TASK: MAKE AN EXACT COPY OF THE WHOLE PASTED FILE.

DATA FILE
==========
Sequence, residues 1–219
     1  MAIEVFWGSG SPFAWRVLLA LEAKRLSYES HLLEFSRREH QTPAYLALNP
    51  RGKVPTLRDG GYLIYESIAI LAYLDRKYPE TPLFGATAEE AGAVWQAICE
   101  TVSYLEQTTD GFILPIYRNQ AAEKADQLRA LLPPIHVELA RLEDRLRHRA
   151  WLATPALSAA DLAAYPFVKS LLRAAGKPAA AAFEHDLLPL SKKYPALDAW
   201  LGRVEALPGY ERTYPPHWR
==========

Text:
Sequence, residues 1–219
     1  MAIEVFWGSG SPFAWRVLLA LEAKRLSYES HLLEFSRREH QTPAYLALNP
    51  RGKVPTLRDG GYLIYESIAI LAYLDRKYPE TPLFGATAEE AGAVWQAICE
   101  TVSYLEQTTD GFILPIYRNQ AAEKADQLRA LLPPIHVELA RLEDRLRHRA
   151  WLATPALSAA DLAAYPFVKS LLRAAGKPAA AAFEHDLLPL SKKYPALDAW
   201  LGRVEALPGY ERTYPPHWR